Column by Candace Avalos: Reversing gun violence will require a long-term commitment

Candace Avalos

Avalos is the executive director of Verde, co-founder of the Black Millennial Movement and chairman of the Citizen Review Committee of Portland. A Portland resident, she also sits on the city’s Charter Review Board. his chronicle appears on the fourth Sunday of the month.

Bombed with numbers, statistics and stories about the value of brands and companies on people’s quality of life, we are at a critical juncture. It is undeniable that we are facing a gun violence crisis in Portland, reflecting a national push and causing fear, uncertainty and despair. At the same time, we must place this problem in the larger context of a global pandemic that has ravaged our communities, a toxic gun culture that permeates all aspects of social and political life in America, and the severe lack of opportunities available to many people, especially in black and brown communities.

As we continue to seek to fundamentally change policing and community safety, we must remain grounded in our values ​​of justice while seeking solutions to our local crises. We cannot continue to look to the police and prison as responses to a crisis of gun violence rooted in social and economic causes. Instead, in times like these, we need to resist the same band-aid solutions that got us here in the first place and show our commitment to the hard work of long-term change.

First, it is important to understand that gun violence is a public health problem rooted in societal and economic causes and a history of community trauma. Research, including a 2019 study by an epidemiologist from Northeastern University, showed a correlation between low social mobility, income inequality, racial and economic segregation and other factors with a high incidence of gun violence. Other factors include structural violence, such as underinvestment in schools, health care and housing, coupled with the historic violence of the legacy of slavery and predatory housing and bank loans that have contributed to the ever-growing gap in income inequality.

The current story is that Portland needs 200 more police officers to answer calls and curb gun violence. But how will adding 200 more workers to the payroll make a systemic difference in tackling lack of access to health services or discriminatory housing practices? And how will 200 other officers make a difference now when there are over 100 vacancies the Portland Police Department cannot fill? Police make some people feel safe, but for communities most affected by gun violence, police reinforce the trauma, helping to criminalize black and brown Portlanders. Isn’t that what people all over the world marched against last year? We should not fool ourselves into thinking that adding 200 officers will be a quicker or more effective solution to our gun violence crisis than addressing the central problem of lack of opportunity.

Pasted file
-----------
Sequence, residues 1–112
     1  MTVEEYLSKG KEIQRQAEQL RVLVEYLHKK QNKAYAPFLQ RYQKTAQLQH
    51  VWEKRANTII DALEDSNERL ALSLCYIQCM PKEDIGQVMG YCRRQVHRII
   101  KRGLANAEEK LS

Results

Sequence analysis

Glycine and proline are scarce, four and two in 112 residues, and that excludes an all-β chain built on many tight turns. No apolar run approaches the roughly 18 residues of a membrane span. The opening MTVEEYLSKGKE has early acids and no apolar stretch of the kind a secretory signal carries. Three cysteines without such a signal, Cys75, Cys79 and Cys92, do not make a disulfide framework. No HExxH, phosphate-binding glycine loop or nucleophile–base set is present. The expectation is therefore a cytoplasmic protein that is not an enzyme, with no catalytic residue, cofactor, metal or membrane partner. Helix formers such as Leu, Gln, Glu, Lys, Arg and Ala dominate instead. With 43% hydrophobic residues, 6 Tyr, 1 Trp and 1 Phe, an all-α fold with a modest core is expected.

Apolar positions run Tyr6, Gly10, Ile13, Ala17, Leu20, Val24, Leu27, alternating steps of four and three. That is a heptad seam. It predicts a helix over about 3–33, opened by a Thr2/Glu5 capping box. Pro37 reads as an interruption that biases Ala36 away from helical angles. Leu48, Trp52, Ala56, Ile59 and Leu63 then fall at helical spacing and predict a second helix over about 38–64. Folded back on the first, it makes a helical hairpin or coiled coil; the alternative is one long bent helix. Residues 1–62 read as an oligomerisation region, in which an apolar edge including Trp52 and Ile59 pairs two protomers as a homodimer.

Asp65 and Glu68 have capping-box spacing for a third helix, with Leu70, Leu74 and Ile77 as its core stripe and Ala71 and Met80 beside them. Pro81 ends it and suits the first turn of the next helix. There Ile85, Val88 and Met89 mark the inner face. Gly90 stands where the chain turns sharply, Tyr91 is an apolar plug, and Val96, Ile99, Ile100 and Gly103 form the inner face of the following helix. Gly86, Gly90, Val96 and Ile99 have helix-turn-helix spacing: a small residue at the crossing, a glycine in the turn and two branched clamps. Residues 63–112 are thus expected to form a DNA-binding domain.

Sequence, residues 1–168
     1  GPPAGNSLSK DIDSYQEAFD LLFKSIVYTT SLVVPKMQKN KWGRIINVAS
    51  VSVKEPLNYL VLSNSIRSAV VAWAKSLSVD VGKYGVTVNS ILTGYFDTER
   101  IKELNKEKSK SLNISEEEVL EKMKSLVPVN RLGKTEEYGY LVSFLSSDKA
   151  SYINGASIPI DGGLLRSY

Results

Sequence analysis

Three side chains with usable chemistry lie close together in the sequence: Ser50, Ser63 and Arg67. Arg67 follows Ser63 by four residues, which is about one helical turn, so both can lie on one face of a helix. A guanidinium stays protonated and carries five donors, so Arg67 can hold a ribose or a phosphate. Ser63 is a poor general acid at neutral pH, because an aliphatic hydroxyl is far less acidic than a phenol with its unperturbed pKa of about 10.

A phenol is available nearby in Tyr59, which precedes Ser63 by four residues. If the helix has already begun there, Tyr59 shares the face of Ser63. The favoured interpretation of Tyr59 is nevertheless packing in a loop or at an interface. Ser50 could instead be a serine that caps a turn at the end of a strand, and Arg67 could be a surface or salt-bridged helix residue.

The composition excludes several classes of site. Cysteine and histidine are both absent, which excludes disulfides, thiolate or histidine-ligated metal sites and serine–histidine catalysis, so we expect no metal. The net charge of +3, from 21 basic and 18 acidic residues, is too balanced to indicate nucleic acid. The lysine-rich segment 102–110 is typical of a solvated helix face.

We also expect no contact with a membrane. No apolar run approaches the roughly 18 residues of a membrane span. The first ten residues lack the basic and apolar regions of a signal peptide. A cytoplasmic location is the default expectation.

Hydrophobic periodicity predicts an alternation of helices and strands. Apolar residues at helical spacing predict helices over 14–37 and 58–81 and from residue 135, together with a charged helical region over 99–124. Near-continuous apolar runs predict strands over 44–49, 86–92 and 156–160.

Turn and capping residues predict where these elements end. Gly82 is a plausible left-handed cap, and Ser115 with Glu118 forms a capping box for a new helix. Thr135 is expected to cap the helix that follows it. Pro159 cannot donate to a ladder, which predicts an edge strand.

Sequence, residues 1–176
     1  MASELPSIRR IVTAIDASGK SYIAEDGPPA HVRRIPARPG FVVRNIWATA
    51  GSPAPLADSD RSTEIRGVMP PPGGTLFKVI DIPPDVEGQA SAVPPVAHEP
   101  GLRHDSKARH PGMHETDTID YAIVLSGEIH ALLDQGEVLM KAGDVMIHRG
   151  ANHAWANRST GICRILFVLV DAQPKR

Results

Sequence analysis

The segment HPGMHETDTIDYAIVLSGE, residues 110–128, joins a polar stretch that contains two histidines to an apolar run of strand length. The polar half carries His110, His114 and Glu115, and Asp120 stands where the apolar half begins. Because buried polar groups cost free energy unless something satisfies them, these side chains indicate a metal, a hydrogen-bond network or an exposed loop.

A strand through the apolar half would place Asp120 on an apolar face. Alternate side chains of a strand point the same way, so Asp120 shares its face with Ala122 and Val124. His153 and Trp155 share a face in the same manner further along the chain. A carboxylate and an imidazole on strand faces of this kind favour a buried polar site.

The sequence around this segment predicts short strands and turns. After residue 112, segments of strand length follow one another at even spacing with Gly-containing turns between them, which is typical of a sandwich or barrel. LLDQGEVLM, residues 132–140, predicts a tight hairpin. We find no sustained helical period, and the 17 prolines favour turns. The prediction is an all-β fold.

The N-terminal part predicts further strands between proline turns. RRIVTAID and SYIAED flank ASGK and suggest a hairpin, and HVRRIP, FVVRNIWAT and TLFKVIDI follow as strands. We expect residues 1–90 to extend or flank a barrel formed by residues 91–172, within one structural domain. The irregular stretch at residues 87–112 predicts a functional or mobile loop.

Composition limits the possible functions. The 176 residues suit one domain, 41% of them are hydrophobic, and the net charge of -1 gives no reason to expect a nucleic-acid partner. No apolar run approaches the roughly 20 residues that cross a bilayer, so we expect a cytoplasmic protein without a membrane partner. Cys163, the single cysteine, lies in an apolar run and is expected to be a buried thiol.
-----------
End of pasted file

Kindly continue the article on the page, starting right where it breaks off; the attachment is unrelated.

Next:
So what are the solutions? Invest in community groups that meet some of the physical and social infrastructure needs that richer communities never have to think about. Reshaping a criminal justice system that has repeatedly inflicted a harsher form of justice on people of color than those who are white. Adopt different disciplinary models in educational institutions that emphasize restorative justice rather than simply expelling a student from school. Empower communities by reinvesting directly in their environmental environment, for example by creating more green spaces and cleaning up vacant lots, which promotes healthier activities. Hold the police accountable for institutional violence that has created generational prejudice and mistrust. None of these solutions are quick, but did Portlanders believe that dismantling racist systems would be?

The reality we face right now is that we need to completely overhaul the systems that continue to block opportunities for economic prosperity and upward mobility – which in turn fosters gun violence. And although it is easy to direct our anger at the local leaders who oversee the dayToday services we rely on, we have let state and national leaders off the hook for the critical role they must play in solutions. When we talk about looking for upstream solutions, it also means looking at the upstream leaders of the political system who let our national infrastructure deteriorate and let our municipalities pick up the pieces and the blame.

It’s easy to get into a state of mind where we see a problem and think there is an equation that leads to a simple answer. Instead of resorting to fear and despair, we need to focus on a healing process that leads to a vision of a future where we all have an equal opportunity to prosper. It forces us to stop pointing our fingers outward and looking inward to dig deep and build a supportive environment. It is time to roll up our sleeves and ask ourselves how we contribute to the problems and therefore can also contribute to the solutions. The point is, the police will not crack down on violence in our communities. The real answers are long term and community based. Our thinking and support must be too.

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